Thursday, May 6, 2010

Asparagus plus the wild question of the day

Family Asparagaceae, Asparagus officinalis

Here's my wild question of the day, a question for which I have no answer, sorry: Why does only 22% of the population possess the genes to smell that distinctively odorous pee that you get from eating asparagus? I swear upon my wiki source for the asparagus factoid. Just be sure to disseminate this gem NOT at the dinner table.

So why do you think it's 22 not closer to 100? Do you think this maybe something slowing evolving out of the population because it has little relevance to our survival? Does the ability to smell it has any relevance to survival? Oh, the questions that clutter my brain today.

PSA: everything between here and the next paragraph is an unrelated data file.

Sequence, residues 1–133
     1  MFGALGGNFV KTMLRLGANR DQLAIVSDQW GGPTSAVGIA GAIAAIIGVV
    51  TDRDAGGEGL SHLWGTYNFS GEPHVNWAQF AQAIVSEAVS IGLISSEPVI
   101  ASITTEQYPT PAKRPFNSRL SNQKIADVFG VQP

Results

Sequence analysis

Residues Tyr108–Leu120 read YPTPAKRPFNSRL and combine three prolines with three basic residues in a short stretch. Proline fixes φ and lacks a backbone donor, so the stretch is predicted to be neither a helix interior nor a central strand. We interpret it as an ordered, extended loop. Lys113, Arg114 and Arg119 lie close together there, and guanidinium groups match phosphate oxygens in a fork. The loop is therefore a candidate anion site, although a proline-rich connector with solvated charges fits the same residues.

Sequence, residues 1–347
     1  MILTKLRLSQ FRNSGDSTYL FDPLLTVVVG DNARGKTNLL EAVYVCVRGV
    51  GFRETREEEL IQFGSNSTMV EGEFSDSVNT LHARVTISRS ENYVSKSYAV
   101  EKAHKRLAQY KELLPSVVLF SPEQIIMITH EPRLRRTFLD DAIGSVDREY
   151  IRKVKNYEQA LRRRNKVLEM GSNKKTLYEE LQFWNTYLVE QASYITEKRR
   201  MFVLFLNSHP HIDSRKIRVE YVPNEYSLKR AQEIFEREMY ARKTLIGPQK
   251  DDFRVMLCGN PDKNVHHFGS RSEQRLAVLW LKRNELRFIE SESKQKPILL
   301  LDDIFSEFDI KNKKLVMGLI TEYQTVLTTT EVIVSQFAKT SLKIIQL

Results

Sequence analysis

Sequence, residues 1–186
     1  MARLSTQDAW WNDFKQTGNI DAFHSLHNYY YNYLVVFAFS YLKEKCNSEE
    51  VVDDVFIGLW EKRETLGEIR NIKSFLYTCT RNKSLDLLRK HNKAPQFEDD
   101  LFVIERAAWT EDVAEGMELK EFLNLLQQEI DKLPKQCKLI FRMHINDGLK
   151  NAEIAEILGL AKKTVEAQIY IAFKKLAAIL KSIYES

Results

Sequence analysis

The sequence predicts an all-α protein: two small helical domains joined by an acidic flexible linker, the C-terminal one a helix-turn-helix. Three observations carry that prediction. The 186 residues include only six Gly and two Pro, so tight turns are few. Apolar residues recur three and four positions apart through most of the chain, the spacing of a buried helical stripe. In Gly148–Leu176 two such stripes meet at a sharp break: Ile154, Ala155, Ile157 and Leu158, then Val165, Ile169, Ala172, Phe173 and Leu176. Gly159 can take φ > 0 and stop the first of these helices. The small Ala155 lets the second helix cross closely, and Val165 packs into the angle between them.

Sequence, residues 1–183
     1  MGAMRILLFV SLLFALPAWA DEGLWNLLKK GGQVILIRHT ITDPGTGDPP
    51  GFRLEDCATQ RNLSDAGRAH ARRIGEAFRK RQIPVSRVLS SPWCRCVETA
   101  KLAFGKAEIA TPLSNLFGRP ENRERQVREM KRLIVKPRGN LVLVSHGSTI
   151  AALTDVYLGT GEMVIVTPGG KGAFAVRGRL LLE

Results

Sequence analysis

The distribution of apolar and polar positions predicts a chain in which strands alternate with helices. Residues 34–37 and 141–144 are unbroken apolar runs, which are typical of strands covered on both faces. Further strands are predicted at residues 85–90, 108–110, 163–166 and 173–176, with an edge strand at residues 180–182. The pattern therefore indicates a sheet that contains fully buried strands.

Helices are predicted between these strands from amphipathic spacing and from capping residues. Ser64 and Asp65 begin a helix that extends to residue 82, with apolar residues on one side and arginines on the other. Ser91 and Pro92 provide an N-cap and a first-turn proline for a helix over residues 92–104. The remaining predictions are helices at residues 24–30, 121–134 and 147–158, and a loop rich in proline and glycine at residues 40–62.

China and Israel published results showing that producing odorous urine from asparagus was a universal human characteristic. The Israeli study found that from their 307 subjects all of those who could smell 'asparagus urine' could detect it in the urine of anyone who had eaten asparagus, even if the person who produced it could not detect it himself.[26] Thus, it is now believed that most people produce the odorous compounds after eating asparagus, but only about 22% of the population have the autosomal genes required to smell them.[27][28][29]

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